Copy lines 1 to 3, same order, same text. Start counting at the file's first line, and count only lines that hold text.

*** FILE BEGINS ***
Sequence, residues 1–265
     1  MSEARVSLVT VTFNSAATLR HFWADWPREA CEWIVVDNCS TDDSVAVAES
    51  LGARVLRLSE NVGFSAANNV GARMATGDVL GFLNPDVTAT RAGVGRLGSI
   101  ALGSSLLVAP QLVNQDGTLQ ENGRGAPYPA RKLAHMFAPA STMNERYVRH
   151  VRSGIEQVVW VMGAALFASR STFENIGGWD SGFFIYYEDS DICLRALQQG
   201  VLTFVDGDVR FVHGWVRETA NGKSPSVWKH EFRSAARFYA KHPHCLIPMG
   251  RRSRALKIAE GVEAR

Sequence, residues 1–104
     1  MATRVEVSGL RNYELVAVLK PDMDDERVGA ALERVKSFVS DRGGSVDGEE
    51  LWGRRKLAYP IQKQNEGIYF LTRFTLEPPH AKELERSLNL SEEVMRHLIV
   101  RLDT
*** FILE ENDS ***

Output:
Sequence, residues 1–265
     1  MSEARVSLVT VTFNSAATLR HFWADWPREA CEWIVVDNCS TDDSVAVAES
    51  LGARVLRLSE NVGFSAANNV GARMATGDVL GFLNPDVTAT RAGVGRLGSI